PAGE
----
An update to the brewery’s annual Oktoberfest release, the 2015 edition was a collaboration with the German brewery Brauhaus Riegele, and it was the ultimate in American marzen-style beers. Blending the tradition of amber lagers from the early days of Germany’s Oktoberfest tradition with Sierra Nevada’s signature focus on hop character, the Oktoberfest lager featured complex malt flavors, a dry finish and a layered hop aroma. A hit with seasoned craft beer lovers and beer neophytes alike, the 2015 team-up got us excited about Oktoberfest brews all over again. Expect a collaboration with a different German brewery for the 2016 edition. -John Verive
Pilsner beers have finally begun to get some well-deserved respect from craft beer fans. Long discounted as generic and unexciting, a number of well-designed craft pilsners have emerged to demonstrate why the style took over the brewing world in the 19th century — there is perhaps no better example of an easy-drinking yet deeply complex style than the pilsner. The newly canned version of Pick Six from San Diego’s Pizza Port brewery joins the ranks of superlative American craft pilsners such as Firestone Walker Pivo Pils, Sierra Nevada Nooner, and Victory Brewing Prima Pils. Light in body with a perfectly balanced bitterness and subtle malt character, Pick Six uses a big dose of Czech Saaz and German Hallertau Blanc hops for it’s zesty, floral aroma. -John Verive
Fort Collins, Colorado
The summertime release from New Belgium’s Hop Kitchen line of experimental brews, Hop Tart blended a hoppy pale ale with a portion of lactobacillus-soured wort, which was then dry-hopped with a salvo of tropical hop varieties. At around 5% alcohol, Hop Tart drank like a session-friendly version of the brewery’s Le Terroir. Bright, refreshing, and featuring a melange of Cascade, Galaxy, Nelson Sauvin and experimental hops, Hop Tart blends the acidity of American wild ales with the hop character of the IPA. With surging interest in both the hop-bomb and the sour beer categories, it’s a style mash-up that we’re sure to see more of in 2016. -John Verive
San Marcos, California
One sip of Barrel-Aged Black Lagoon and you’ll know why Rip Current won “Very Small Brewery of the Year” honors at this year’s GABF. Their regular Black Lagoon Wee Heavy was a solid strong ale entry, but stick it in a bourbon barrel for over a year, and baby you got a stew goin’. This is a caramel, fig, and brandy orgy that doesn’t go overboard with the barrel notes, and remains one of the most balanced Scotch ales I’ve had this year. AleSmith, Fremont, and Kuhnhenn should be looking over their shoulders; Rip Current might just creep on them before they know it.—Allen Park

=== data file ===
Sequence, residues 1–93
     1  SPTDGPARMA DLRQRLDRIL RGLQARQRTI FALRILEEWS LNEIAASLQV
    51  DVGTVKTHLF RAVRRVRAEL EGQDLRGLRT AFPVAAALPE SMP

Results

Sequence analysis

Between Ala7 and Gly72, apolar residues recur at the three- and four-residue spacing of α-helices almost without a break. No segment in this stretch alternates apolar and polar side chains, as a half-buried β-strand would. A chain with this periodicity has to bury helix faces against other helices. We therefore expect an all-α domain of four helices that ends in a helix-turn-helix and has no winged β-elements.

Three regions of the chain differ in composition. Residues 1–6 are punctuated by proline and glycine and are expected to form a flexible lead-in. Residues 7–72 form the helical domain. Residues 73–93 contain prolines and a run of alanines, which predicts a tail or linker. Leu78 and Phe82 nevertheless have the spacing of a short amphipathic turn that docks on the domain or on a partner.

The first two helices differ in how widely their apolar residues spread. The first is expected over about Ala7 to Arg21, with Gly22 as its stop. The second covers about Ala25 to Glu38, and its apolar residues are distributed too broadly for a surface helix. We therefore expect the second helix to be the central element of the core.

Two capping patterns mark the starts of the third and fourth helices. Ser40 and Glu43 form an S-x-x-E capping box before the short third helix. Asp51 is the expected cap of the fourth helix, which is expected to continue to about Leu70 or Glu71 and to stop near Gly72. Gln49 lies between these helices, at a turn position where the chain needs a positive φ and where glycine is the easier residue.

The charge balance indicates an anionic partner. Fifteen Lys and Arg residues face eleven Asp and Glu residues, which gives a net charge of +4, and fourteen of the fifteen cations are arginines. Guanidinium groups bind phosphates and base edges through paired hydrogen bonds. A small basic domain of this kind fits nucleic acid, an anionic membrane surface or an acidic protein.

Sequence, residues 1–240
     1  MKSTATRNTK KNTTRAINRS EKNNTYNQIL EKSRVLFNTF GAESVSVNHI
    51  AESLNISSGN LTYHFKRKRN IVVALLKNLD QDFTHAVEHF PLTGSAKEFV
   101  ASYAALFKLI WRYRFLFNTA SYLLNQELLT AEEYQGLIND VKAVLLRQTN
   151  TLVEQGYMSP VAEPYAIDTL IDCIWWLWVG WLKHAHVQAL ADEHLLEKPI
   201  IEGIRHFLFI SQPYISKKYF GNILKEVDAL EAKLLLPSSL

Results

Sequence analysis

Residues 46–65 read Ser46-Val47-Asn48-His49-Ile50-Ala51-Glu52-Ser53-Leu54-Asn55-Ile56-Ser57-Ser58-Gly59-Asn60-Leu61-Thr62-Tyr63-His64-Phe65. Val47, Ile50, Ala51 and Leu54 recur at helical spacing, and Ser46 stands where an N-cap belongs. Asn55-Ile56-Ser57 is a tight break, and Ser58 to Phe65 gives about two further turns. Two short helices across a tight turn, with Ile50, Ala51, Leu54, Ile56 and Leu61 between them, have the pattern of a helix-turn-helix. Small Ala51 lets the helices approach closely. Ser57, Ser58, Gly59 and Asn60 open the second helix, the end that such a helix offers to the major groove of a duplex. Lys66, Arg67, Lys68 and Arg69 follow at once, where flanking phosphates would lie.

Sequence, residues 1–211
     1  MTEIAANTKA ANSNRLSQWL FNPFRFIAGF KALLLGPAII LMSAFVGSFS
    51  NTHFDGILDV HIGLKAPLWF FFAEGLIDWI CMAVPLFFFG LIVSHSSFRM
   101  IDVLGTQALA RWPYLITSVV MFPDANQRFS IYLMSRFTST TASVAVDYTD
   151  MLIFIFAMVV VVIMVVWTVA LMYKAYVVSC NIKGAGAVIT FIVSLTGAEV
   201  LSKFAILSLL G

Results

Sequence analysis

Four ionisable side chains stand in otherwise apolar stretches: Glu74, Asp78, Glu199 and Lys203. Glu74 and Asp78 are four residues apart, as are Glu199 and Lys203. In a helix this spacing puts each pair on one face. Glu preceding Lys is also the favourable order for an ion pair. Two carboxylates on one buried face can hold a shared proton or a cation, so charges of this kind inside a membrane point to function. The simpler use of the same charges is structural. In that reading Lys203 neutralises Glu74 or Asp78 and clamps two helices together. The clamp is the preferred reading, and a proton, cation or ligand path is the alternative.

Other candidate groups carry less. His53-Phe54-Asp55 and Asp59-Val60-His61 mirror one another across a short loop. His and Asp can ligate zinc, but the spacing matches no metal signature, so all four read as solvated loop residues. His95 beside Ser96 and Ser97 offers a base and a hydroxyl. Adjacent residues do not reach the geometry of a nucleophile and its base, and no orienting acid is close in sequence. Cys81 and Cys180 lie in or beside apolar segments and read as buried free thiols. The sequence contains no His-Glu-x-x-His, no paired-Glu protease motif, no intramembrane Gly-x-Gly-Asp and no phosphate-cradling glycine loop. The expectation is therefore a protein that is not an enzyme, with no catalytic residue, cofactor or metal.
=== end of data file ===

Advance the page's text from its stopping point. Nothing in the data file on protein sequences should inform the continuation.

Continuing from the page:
San Diego, California
Societe Brewing Company has always been at the top of their game, but this year, they’ve firmly established themselves as the best brewery in all of San Diego. That might seem ludicrous, especially in the land of 115 breweries and counting, but give credit where credit is due: only a brewery like Societe could make me gush over a Czech pilsner and a session IPA. The Coachman is the latter, a “Small IPA” bursting with fresh, juicy citrus and a clean, surprisingly full mouthfeel. The Coachman isn’t just the best session IPA I’ve had this year – it’s one of the best IPAs of 2015, period.—Allen Park
A milk stout aged in bourbon barrels, with several variants (Hunter is the base beer, but there are Coffee, Vanilla, Chili Pepper, Coconut, and Orange Vanilla releases as well). This year saw 18th Street’s transition from a gypsy brewer to a brick-and-mortar and their Barrel Massacre event went head to head with Dark Lord Day. Beer geeks from all of the country are sending mules to pick up more, and Gary, Indiana, once renowned for Music Men and a high per capita crime rate, has now become a must-stop destination for anyone driving into Chicago. Barrel Aged Hunter is arguably the most balanced BA release of the year. -Kevin Gray
Southwestern Ohio’s sleeper brewery released another must-have this year with this beer. Oro Negro is based on the wildly popular Oil of Aphrodite, but it is aged with cinnamon, vanilla, oak staves and habaneros. Ever had a brownie with cayenne pepper? It’s the beer equivalent. The chocolate notes in the beer meld with both the spices and the heat. And as if the beer itself wasn’t reason enough to pick up a bottle, the label art is also a masterpiece, blending colors into a surreal landscape that mirrors the melding of flavors hidden inside. -Kevin Gray